Essay writing differences and similarities between prokaryotes

Eukaryotic cells are therefore are found in all other living organisms, the name implying that there is a proper nucleus present.

As there is no nucleus present in prokaryotic cells the DNA helix is a single coiled chromosome that is unsupported and so can float freely around the cell, however in a eukaryotic cell the DNA helix is made up of linear chromosomes supported by the histone protein.

In Eukaryotic cells there is also a distinct nuclear membrane Prokaryotic cells are smaller than Eukaryotic cells, according to “Pharmaceutical Microbiology” the majority of bacteria fall within the general dimensions of 0.75 to 4mm compared to the size of common eukaryotic cells which can be up to 40 times larger than Prokaryotic cells and measure between 50 and 150mm.

Prokaryotic cells and Eukaryotic cells both can contain a cell wall however in prokaryotic cells the cell wall is peptidoglycan (a mixture of sugar and protein) if the organism is a eubacteria, or pseudomurein if the organism is a archae bacteria whereas in eukarotic cells a cell wall is only present if the organism is a plant or a fungi and the cell wall is constructed of cellulose in plants or chitin if the organism is a fungi.

Prokaryotic cells and Eukaryotic cells can both contain cytoplasm.

However, the size of the ribosome differs- in a prokaryote the ribosome is around 70 Svedberg’s, while in a Eukaryote it’s larger at around 80 Svedberg’s.

Both cells have similar metabolisms and are amazingly diverse in their forms- for example there are dangerous prokaryotes such as Streptococcus gonorrhoea, which causes gonorrhoea, and useful prokaryotes such as Nitrosomonas used in the nitrogen cycle.

Diverse Eukaryotes range from unicellular yeast for making bread, to multicellular humans.

However, both eukaryotes and prokaryotes have great differences.

Most notably the lack of a nucleus in prokaryotes and membrane bound organelles.

The DNA of prokaryotes floats freely around the cell; the DNA of eukaryotes is held within its nucleus.

The organelles of eukaryotes allow them to exhibit much higher levels of intracellular division of labour than is possible in prokaryotic cells.

Another physical difference is the size of both cells.

A prokaryote is only 0.5-5 μm, whilst Eukaryotes are on average 10 times bigger at up to 40μm.

Mitochondria are absent from Prokaryotes, yet found in Eukaryotes, as are chloroplasts (though chloroplasts are not found in animal cells).

Both have similarities and differences in their functions and structures.

Both Prokaryote and Eukaryote cells consist of Cell wall, (however this is not present in animal cells) – this is made of Peptidoglycan (though the plant cell is made of cellulose microfibrils embedded in a layer of calcium pectate and hemicelluloses).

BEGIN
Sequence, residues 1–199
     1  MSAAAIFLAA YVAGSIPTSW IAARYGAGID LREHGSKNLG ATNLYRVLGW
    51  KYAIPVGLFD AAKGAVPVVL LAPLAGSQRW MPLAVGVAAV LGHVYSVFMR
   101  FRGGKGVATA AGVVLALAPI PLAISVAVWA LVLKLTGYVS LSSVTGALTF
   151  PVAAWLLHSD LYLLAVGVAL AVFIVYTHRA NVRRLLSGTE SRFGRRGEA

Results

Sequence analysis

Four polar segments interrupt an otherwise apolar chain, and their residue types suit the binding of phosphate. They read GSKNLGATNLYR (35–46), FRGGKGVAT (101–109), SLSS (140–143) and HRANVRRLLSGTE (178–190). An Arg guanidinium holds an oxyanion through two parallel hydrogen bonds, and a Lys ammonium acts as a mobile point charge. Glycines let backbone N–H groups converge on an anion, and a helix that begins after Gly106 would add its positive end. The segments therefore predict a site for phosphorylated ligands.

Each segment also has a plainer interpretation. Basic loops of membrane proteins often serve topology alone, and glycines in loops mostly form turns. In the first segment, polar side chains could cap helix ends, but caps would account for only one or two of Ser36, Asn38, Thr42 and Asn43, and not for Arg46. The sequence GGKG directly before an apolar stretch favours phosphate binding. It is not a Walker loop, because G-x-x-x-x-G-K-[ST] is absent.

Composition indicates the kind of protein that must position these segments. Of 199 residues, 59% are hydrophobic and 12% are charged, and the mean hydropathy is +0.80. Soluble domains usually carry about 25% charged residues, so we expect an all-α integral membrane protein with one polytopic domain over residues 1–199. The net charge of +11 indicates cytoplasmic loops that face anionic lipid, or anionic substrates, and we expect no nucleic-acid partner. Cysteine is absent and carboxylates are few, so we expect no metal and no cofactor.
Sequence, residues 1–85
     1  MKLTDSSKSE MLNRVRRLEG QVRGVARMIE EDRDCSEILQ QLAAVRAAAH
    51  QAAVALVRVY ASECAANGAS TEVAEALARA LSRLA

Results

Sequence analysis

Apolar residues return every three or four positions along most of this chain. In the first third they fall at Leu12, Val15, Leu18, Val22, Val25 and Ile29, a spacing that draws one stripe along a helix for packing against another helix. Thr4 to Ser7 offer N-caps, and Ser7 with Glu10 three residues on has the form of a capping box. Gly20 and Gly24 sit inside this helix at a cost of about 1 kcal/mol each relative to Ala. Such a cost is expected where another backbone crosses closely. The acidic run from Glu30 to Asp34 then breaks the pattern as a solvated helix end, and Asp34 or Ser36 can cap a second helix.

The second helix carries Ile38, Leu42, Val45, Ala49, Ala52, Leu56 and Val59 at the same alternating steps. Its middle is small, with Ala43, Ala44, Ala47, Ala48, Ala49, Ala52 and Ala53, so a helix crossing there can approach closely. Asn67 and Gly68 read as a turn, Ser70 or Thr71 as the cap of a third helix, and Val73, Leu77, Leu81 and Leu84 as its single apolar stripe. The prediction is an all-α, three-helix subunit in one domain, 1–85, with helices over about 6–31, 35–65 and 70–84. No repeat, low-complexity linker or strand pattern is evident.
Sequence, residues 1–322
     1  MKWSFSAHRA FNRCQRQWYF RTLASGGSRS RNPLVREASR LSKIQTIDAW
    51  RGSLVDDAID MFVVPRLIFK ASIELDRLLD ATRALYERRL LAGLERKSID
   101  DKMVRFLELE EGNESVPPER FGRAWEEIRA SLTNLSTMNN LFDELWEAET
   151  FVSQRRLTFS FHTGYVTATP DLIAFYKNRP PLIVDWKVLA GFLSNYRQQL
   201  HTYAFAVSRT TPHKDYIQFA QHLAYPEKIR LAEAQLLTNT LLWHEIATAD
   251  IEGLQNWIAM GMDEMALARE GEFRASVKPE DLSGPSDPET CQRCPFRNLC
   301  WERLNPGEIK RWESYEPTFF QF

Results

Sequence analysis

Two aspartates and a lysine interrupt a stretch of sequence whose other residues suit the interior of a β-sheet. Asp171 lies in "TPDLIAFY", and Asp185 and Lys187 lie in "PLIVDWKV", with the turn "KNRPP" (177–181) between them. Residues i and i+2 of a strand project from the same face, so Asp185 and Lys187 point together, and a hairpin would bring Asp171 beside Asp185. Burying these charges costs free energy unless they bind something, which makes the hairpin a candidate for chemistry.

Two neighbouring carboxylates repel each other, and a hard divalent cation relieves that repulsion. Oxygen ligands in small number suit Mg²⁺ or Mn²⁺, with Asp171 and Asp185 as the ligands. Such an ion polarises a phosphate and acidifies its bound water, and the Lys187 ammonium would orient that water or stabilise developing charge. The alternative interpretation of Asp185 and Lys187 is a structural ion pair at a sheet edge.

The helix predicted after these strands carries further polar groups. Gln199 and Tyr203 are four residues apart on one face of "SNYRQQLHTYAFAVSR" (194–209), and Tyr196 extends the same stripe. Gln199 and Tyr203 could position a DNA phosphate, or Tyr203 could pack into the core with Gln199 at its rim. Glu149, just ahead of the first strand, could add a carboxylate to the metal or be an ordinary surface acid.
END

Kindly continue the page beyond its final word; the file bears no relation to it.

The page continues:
The cell wall provides support for a plant cell, and controls what goes in and out, allowing the cell to build a hydrostatic skeleton, giving the cell shape and rigidity.

The Cells also contain a cell membrane made of phospholipids and proteins, designed to control what goes in and out of the cell.

DNA is also found in both cells, which carries the genetic information for the cell, allowing for replication. The ribosome is made of r RNA and they synthesise protein, as they are the site where m RNA meets t RNA so that amino acids are bonded together.

One difference as far as existence is concerned, is that prokaryotes are believed to be the first form of life around 3.5 billion years ago.

Eukaryotes are much younger, and believed to have existed around 1.5 billion years ago when the cells developed a nucleus- multicellular organisms are younger still at 0.5 billion years old.

One theory as to why cells developed organelles such as mitochondria and chloroplasts are suggested in the theory of endosymbiosis.

The theory suggests that mitochondria and chloroplasts were free living bacteria (prokaryotes) and ended up becoming part of an early cell.

This is theory is supported by the fossil record showing that oxygen began to accumulate between the fossil records of prokaryotes and the later record of eukaryotes.

The cell is the basic functioning unit of organisms in which chemical reactions take place.

These reactions involve an energy release needed to support life and build structures.

The cell consists of membrane bound organelles, which are responsible for the division of labour.

There are two main classes of cells- Prokaryotes which are cells without a nucleus, where the DNA is spread around the cytoplasm of the cell, an example of a prokaryote is a bacterium (See Figure 1).

The other class is the Eukaryotes which are the cells of plants and animals, and example is a palisade cell (See Figure 2).

The similarities and differences between eukaryotic and prokaryotic cells Prokaryotic and Eukaryotic cells are the two main types of cell found in living organisms.

They share many similarities and also many differences.

These differences are key to how they function and which jobs they are suitable to perform.

Prokaryotic cells are cells that contain a very primitive nucleus as pro- means before and karyon is a Greek word, meaning nucleus.

Prokaryotic cells are found in organisms such as bacteria, most commonly eubacteria and archae bacteria.

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